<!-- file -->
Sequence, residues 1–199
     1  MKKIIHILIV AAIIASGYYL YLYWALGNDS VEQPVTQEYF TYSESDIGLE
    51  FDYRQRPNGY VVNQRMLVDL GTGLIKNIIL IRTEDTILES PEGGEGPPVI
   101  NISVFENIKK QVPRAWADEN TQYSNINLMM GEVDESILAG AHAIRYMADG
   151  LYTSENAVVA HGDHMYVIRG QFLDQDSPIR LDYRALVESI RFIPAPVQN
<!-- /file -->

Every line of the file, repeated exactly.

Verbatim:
Sequence, residues 1–199
     1  MKKIIHILIV AAIIASGYYL YLYWALGNDS VEQPVTQEYF TYSESDIGLE
    51  FDYRQRPNGY VVNQRMLVDL GTGLIKNIIL IRTEDTILES PEGGEGPPVI
   101  NISVFENIKK QVPRAWADEN TQYSNINLMM GEVDESILAG AHAIRYMADG
   151  LYTSENAVVA HGDHMYVIRG QFLDQDSPIR LDYRALVESI RFIPAPVQN